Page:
GM recently settled claims asserted by the National Highway Traffic Safety Administration (NHTSA) that GM hid from consumers a known defect with ignition switches in some GM vehicle models.
That defect came to cause the death of several driversafter GM became aware of the defect and failed to take action or report the danger. GM will pay the NHTSA $35 million and will also agree to comply with an NHTSA investigation and provide periodic reports to the NHTSA on certain required safety initiatives.
Unlike some of the more egregious decrees entered into by the SEC, FCC and FTC, this decree at least required GM to admit that they broke the law. Specifically, GM admitted that they did comply with federal laws that require companies to notify the NHSTA within five business days of determining that a safety-related defect exists. That said, because the decree does not find any specific facts with regard to when GM knew about the defect or for how long they concealed it, it is of middling value to plaintiffs with wrongful death or injury actions currently pending.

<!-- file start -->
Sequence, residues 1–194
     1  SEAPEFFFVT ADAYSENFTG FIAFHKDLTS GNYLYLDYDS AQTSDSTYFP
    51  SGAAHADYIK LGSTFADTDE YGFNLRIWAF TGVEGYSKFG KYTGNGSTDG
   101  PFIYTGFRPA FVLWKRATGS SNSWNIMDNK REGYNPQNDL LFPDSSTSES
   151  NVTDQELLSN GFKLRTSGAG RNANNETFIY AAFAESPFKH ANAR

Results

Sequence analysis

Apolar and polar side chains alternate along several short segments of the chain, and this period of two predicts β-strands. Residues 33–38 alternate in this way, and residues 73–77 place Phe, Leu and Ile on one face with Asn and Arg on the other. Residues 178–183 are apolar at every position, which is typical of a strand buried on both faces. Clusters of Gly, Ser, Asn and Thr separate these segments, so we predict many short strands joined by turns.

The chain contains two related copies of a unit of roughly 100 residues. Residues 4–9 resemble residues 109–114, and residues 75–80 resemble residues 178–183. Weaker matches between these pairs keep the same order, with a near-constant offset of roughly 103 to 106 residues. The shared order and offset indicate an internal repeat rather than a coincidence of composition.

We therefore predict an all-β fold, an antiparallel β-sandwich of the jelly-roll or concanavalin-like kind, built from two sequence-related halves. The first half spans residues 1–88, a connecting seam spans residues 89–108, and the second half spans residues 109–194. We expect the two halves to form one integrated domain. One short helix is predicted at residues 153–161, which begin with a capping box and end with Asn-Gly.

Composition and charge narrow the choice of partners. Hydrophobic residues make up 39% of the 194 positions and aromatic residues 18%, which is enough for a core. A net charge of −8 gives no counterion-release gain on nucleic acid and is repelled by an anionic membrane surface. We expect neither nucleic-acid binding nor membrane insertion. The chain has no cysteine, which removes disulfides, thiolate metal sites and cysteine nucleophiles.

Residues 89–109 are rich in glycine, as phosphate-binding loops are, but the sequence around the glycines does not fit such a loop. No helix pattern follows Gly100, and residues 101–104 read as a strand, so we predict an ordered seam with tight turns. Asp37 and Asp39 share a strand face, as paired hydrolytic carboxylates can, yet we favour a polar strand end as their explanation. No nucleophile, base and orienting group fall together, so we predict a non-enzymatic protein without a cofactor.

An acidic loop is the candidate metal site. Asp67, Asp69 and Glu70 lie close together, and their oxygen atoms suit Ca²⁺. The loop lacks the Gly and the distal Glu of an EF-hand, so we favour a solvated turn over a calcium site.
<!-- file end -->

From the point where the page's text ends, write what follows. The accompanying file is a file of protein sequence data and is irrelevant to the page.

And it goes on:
Decrees like this are generally good for shareholders, who value the certainty they provide as to the loss and the sense of finality they sometimes represent. They are, however, almost always bad for consumers and the public generally. They allow the wrongdoing company to escape with a financial slap on the wrist, while avoiding any meaningful admission of wrongdoing. This is of great importance where, as here, an admission of fault could have significant collateral consequences in pending civil actions brought by those actually harmed – here the families of those lost due to GM’s disregard for safety. Elizabeth Warren has spoken powerfully about this issue with regard to the SEC and has gotten some traction in getting that agency to require admissions of wrongdoing in certain types of cases. Here’s hoping other federal agencies start to do the same.
Photo courtesy of AAA Auto Injury Clinic